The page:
First of all, I want to give you kudos for how you handled that screaming kid at the mall the other day. You kept the requisite jolly demeanor and twinkle in your eye, and even though it's probably not going on anyone's Christmas card this year, you went the extra mile to make sure at least one person was smiling in that picture.
The reason I'm writing is because I have some tough news. As you know, our son is 8 this year, and you've probably noticed that you haven't received a letter from him asking for gifts yet. Eight is a very strange and bewildering age for a little boy; not quite a tween, but definitely not a baby. Not quite ready to ride the bus alone, but not sure about how those stuffed animals fit into the picture. He's still got some baby teeth, but his smile is definitely less baby-cheeked-dimply than it was a year or two ago.
Most importantly, he can read. And he can argue. And with those two things has come a skeptical attitude and a desire to see evidence of something before he accepts it as fact. Especially something presented to him by Mom or Dad. It's not really a "trust" issue as much as it's a "I need to see it with my own eyes, and verify it for myself" issue.
You see where I'm going with this.
His dad and I weren't even sure how to broach the topic of Santa and what he plans to ask for for Christmas this year, so we waited until we started hearing him fret over receiving a "lump of coal" in his stocking before we mentioned your name. We're not proud of it, but we admit we were nervous about asking too many direct questions, so we avoided the topic.
I was feeling so desperate that I went to Google and searched for tips. I was dismayed to find out that he's at that age where the magical and fanciful starts to feel less and less plausible, and less necessary for imaginative play. It's good they're developing these critical thinking skills, the Internet says.
In short, Santa, it's not you. It's me. Or rather, it's him.
Our 8-year-old might be breaking up with you. I'm hoping we can let you down easy, and part on good terms.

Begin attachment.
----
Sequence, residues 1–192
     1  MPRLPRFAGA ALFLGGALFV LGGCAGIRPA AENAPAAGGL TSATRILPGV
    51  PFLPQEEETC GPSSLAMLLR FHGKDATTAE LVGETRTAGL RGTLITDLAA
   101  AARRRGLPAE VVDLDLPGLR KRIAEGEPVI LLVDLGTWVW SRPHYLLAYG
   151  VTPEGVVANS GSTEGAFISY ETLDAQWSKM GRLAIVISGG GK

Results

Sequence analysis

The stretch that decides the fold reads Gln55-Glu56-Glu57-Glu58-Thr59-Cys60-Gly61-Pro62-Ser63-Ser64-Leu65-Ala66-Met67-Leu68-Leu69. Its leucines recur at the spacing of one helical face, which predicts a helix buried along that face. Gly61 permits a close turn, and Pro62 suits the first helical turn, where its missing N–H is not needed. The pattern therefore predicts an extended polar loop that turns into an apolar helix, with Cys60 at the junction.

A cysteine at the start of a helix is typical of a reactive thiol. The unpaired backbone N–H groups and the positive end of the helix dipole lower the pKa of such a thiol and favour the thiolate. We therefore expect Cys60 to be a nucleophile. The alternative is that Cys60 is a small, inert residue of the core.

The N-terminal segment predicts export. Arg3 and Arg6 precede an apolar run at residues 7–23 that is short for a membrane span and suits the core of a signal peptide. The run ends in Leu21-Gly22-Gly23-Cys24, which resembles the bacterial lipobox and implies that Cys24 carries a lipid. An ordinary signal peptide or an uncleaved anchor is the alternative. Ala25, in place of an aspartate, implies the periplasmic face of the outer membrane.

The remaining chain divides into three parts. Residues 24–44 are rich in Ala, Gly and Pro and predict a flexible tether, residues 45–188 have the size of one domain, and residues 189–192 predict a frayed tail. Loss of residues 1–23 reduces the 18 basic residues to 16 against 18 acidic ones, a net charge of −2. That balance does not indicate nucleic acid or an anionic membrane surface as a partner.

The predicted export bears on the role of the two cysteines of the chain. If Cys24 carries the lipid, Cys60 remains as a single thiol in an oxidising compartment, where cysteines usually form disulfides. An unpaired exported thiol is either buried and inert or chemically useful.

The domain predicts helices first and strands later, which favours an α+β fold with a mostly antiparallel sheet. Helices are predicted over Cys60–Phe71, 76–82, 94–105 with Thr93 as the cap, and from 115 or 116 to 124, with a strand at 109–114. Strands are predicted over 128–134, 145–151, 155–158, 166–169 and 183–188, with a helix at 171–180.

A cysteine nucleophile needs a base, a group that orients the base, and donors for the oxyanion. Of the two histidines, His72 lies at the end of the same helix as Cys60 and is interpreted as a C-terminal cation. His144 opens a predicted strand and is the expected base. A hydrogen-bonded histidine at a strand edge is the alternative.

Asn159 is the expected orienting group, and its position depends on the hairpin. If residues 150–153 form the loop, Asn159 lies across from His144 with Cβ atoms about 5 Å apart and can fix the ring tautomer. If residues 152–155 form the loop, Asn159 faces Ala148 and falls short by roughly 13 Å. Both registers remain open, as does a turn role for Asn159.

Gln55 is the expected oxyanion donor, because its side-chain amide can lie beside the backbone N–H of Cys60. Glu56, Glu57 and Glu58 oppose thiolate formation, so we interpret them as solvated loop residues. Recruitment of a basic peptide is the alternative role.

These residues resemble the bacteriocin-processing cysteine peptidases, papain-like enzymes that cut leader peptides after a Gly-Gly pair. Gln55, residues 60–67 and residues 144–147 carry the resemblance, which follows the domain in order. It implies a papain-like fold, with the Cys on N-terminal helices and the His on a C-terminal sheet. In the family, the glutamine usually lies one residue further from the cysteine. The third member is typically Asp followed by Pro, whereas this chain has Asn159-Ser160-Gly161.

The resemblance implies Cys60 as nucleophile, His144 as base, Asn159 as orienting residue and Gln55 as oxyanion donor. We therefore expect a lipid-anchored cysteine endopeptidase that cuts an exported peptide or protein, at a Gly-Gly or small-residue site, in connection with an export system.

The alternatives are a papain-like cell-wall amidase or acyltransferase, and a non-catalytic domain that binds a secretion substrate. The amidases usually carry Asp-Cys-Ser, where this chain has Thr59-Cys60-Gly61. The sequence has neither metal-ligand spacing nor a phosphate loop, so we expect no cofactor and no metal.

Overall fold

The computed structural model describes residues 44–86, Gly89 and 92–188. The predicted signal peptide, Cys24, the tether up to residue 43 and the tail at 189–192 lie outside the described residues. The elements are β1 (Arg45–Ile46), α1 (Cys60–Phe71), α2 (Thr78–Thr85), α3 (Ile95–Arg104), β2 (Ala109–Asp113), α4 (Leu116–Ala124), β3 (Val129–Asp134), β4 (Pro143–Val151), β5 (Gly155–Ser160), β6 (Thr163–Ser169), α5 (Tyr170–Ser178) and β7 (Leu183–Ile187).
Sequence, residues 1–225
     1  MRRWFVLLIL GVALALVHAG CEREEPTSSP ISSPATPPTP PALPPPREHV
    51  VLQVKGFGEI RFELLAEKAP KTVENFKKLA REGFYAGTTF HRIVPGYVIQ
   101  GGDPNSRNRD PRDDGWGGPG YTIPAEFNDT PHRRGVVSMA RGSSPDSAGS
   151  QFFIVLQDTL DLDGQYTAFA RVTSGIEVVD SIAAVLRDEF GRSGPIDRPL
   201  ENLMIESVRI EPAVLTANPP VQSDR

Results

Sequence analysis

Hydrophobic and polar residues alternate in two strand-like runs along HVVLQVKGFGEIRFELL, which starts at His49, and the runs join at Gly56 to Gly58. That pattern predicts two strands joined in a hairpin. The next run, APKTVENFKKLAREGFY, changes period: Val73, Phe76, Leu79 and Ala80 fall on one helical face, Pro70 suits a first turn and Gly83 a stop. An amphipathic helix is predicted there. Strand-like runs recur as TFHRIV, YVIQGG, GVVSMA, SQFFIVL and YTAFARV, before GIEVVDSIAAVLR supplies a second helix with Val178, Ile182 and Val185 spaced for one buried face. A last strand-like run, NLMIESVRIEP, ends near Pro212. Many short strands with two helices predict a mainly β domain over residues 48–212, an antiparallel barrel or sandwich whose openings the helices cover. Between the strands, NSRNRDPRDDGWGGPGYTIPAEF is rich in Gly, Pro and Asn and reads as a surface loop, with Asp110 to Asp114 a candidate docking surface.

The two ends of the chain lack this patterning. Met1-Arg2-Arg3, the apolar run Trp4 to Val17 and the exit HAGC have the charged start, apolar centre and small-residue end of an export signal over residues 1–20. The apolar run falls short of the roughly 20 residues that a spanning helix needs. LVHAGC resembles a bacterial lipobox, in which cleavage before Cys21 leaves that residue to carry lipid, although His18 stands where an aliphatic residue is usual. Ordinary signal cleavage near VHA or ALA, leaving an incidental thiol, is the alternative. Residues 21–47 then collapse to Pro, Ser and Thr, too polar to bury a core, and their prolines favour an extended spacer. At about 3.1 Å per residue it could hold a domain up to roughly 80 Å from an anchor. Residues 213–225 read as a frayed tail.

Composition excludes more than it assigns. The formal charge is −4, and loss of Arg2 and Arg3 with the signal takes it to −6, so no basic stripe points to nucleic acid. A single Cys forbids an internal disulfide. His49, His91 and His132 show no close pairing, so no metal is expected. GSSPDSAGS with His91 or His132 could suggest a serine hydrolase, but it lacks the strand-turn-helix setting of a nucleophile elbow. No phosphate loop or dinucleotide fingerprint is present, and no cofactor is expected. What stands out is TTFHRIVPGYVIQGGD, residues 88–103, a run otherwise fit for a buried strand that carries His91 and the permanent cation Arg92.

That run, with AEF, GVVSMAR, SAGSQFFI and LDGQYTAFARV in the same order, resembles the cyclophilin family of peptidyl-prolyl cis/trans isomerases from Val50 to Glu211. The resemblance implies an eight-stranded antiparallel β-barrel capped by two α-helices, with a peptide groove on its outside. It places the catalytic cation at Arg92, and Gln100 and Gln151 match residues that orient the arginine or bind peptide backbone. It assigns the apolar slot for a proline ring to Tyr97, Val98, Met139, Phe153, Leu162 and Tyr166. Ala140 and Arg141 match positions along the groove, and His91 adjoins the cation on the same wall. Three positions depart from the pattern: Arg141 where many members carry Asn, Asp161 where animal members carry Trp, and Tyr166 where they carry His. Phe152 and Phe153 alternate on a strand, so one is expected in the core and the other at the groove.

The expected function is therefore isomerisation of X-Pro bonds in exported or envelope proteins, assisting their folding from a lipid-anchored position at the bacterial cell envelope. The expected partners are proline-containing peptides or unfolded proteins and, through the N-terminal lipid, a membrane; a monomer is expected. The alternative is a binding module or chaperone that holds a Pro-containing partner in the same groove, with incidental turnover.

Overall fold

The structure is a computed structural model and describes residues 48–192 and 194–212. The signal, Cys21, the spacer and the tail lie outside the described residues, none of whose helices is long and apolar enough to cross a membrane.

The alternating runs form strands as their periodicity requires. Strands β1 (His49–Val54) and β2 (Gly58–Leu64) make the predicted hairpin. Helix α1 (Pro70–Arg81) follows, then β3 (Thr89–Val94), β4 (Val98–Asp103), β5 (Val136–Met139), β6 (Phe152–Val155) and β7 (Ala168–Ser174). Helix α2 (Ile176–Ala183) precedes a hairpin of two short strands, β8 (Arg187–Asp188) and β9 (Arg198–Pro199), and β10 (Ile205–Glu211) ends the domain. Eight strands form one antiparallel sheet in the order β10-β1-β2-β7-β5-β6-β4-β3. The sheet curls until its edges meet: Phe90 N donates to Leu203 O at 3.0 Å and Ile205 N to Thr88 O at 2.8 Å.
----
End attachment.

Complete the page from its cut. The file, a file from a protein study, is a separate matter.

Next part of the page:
I'll admit it: His dad and I are nowhere near ready for him to be done with Santa, because that means our baby really isn't a baby anymore. And the incentive for good behavior is powerful: Few things are more dreaded by our child than Santa thinking ill of him.
The funny thing is, we weren't totally on board with the whole concept of Santa to begin with. It seemed like an awful lot of work to perpetuate a story that was only going to lead to disappointment for the little guy. I'm honestly not sure where he first heard about you; it was around age 4 or 5.
Remember that Christmas Eve letter he left you with snacks for both you and the "raindeer"? Too cute.
I remember that year well, because he was savvy enough to reject Mom's suggestion that Santa might like a Heineken instead of a glass of milk (he didn't think beer would go well with the chocolate chip cookies we made). But he was also sweet-natured enough to be worried that no other kids were going to think about Rudolph and Dasher and the rest of the team. "They're really doing all the work, Mom," he pointed out.
But the questions are there this year, even if he's not asking them directly. "It's amazing that Santa can make that trip around the world in just one night!" and "Reindeer must be really strong."
When we stopped by your workshop for a picture the other day, he was very excited to see you, even to sit on your lap. And when he recently lost another baby tooth, he immediately assumed that the Tooth Fairy would be compensating him, as usual. So you and she are still on board, for the time being (I should note that the Tooth Fairy ponied up an unprecedented $2 for one tooth).
Once he turns 9, though, Santa, I think we're probably not going to seek your help at Christmas any more. You've probably seen the last letter from him. If you ever need a reference, I'd be more than happy to sing your praises, because you definitely have done well by my child. He will have nothing but the fondest memories of you and all the toys you left under the tree. I'll make sure of it.
Give my best to Mrs. Claus and all the reindeer and elves and staff at the North Pole. Thanks for all the hard work, Santa. We appreciate it. But I think we have to take it from here.
Kim Lyons is digital news editor for the Post-Gazette (firstname.lastname@example.org, 412-263-1241).